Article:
By: , May 17, 2018 Forbes
The thriving pro gaming industry may have its roots in South Korea, but it has sprawled to unprecedented levels in neighboring China–so much so that it has surpassed the U.S. market. Asia now makes up half of the global gaming market, according to gaming market researcher Newzoo.
While classic titles like League of Legends have an unsurprising stronghold in China, mobile esports games like Clash Royale and Tencent-owned Arena of Valor are propelling the country’s obsession and redefining the industry–36% of the world’s gaming market is now on mobile devices, with 183 million mobile gamers in China.
Such fast growth makes China’s esports industry the new frontier for game publishers like Supercell, which is hoping to reinvigorate its two-year-old mega hit title Clash Royaleby investing in a new league in which nearly 7,000 players compete for $1 million prize money.
For Korean-U.S. esports startup Gen.G, which grooms and trains gamers to be international champions, the multiplayer online battle game “Clash” is a foot in the door of China’s $32.5 billion gaming market. With hubs in California and Seoul, Gen.G–short for Generation Gaming–was listed as a South Korean startup to watch in 2018, and recently set up its first mobile esports team of five players in Shanghai to take on the “Clash” league of 36 teams. But that is only the beginning.
Arnold Hur, Gen.G’s chief growth officer, expects esports will match regular sports in popularity in China and elsewhere in Asia, because those of any skill level can play. The rise of mobile is also giving rise to new demographics of game players, such as older users and people with disabilities. “With esports, even if I’m bad at it, I can be immediately matched with somebody at my skill level and have a great match,” he says. Gen.G was recently rebranded from KSV.
But pro esports is serious business. The industry made an estimated $660 million in 2017, with 16% of it from China alone, according to Newzoo data. He believes more companies are ready to invest in dedicated players. Perhaps game publishers used to see esports as a marketing ploy, but now they are finding it critical to the success of their games and their company to invest into creating esports divisions, Hur says.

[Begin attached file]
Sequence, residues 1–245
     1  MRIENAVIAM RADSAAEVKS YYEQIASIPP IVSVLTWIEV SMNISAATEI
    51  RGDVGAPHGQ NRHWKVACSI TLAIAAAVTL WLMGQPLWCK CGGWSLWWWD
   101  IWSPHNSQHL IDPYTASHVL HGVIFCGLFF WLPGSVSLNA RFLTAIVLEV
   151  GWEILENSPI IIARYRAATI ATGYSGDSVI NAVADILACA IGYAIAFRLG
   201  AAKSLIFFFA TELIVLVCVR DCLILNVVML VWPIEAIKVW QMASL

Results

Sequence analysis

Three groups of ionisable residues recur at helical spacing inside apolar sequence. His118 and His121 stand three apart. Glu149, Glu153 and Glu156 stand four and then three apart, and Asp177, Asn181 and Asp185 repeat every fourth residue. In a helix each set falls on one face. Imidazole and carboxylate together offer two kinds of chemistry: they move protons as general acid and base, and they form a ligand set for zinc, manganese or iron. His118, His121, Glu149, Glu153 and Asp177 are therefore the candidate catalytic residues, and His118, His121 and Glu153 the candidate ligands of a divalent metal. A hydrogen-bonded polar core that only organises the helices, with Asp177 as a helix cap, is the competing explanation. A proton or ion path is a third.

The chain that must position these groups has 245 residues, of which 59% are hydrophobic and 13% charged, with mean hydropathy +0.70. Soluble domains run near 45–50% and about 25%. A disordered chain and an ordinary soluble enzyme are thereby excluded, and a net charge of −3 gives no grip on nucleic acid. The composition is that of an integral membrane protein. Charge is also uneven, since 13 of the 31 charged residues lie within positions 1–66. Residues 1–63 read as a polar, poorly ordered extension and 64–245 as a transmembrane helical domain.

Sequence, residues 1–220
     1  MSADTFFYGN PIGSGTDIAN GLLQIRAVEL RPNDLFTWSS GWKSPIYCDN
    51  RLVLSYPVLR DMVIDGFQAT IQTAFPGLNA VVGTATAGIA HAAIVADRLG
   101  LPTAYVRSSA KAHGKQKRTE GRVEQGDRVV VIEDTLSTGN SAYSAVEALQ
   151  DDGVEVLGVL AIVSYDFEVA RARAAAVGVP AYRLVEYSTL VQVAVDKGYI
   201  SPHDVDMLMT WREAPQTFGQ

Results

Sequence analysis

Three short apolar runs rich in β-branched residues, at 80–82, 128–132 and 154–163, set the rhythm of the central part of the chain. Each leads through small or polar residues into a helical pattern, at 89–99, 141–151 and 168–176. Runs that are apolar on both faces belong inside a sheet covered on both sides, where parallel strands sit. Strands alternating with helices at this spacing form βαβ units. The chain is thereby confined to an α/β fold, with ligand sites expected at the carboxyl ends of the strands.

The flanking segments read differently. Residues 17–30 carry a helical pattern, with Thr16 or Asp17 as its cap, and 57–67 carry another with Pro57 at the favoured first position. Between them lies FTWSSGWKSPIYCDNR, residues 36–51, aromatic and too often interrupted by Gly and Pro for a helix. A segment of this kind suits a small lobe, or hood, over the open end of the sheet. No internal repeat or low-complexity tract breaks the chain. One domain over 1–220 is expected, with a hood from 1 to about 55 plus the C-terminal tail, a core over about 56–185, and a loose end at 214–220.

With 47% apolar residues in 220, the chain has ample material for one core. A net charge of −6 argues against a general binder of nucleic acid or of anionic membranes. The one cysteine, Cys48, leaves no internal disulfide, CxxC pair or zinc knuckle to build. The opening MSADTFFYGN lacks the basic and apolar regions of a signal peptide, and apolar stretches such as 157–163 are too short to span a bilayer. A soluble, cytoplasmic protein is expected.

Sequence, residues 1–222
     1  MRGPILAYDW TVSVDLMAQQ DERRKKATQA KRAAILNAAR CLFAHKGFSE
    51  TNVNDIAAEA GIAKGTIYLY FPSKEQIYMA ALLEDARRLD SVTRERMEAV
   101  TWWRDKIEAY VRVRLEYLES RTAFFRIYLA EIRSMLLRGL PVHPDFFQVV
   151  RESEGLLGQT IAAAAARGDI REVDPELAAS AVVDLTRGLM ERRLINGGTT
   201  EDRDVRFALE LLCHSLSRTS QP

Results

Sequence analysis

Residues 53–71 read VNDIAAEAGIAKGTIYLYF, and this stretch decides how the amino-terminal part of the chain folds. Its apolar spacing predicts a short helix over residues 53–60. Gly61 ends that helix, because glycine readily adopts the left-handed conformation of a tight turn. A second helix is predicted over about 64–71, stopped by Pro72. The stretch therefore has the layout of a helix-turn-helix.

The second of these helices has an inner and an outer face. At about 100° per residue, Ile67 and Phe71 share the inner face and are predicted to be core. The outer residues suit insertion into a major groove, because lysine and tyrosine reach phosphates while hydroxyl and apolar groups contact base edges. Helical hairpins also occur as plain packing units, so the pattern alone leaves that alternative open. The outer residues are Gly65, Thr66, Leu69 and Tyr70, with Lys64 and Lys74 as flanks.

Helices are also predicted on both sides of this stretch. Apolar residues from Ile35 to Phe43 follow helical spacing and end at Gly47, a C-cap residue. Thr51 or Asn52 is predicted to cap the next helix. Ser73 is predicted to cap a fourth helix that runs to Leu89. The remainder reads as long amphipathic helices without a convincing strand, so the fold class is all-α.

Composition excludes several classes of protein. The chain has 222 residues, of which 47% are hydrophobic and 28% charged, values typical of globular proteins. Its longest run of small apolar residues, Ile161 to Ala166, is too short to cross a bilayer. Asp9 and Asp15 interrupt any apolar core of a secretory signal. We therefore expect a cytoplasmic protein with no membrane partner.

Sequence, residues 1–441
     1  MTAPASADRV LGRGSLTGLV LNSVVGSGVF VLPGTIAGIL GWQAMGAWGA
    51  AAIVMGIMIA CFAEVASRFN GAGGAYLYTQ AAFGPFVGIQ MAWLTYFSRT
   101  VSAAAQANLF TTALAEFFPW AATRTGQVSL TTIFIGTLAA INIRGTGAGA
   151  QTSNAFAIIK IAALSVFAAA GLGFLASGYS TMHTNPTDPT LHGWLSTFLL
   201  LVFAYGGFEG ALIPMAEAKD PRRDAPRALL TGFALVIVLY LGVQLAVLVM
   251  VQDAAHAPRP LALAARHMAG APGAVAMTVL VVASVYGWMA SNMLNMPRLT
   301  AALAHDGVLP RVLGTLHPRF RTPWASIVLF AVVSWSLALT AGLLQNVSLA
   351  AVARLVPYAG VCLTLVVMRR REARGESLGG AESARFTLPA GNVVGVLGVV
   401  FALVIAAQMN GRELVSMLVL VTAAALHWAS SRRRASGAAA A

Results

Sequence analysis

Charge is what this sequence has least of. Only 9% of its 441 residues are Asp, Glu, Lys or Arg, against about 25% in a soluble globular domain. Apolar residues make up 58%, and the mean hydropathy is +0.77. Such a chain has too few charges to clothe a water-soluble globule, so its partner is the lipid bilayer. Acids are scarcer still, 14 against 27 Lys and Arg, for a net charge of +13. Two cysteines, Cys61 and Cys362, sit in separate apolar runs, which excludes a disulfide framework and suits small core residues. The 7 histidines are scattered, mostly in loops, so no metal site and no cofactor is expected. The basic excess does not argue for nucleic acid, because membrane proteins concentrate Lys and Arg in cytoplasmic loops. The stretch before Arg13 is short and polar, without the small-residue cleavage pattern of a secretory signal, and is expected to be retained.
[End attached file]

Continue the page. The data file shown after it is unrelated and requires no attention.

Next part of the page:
Leagues not only help market games, but also extend the lifespan of older games. More accessible than some traditional sports, esports offers the opportunity for people to watch and be inspired by esports stars and later have an opportunity to mimic them, Hur says.
While South Korea remains a crucial hub for esports as home of the best players and training infrastructure, Arnold believes that game publishers are already putting the U.S. and China on equal footing when considering how to design and market their games. “But I think in the next five years, you’re going to have to think about Asia first because the player base, the fan base, everything here is growing so quickly.”
In terms of playing and practicing, mobile gaming puts much more emphasis on strategy than coordination, meaning players spend more time studying their rivals and their game setups compared to PC gamers.
Gen.G’s Shanghai team–dubbed “Gen.G Clash Royale”–is all Chinese with no major market entry barrier, but the company faces new hurdles in having to quickly adjust to mobile. The shift away from PC presents a new frontier from logistics during competitions, from setting up live streams to different practice strategies.
“A lot of infrastructure is just now getting built, versus in traditional esports, which have structure and professionally [have] been doing this since the Starcraft days,” Hur says. “Even things like how to see the best competitions, what plays they’re doing, how to analyze it, who really understands it–it’s all brand new.”
The rise of esports in China first started with hobby gamers competing in the late 1990s on PC games like Starcraft or Counter Strike, notes Weiwei Geng, Gen.G’s China managing director. Powered by a tech revolution and rising incomes, affluent, entrepreneurial young people in the early 2010s began to reject the family business and launching their own–including esports teams. “They didn’t worry about making profit,” Geng says. “That’s their passion, they have money, they have resources, they have social connections, the network, so they upped the standard and quality of esports 2.0 in China.”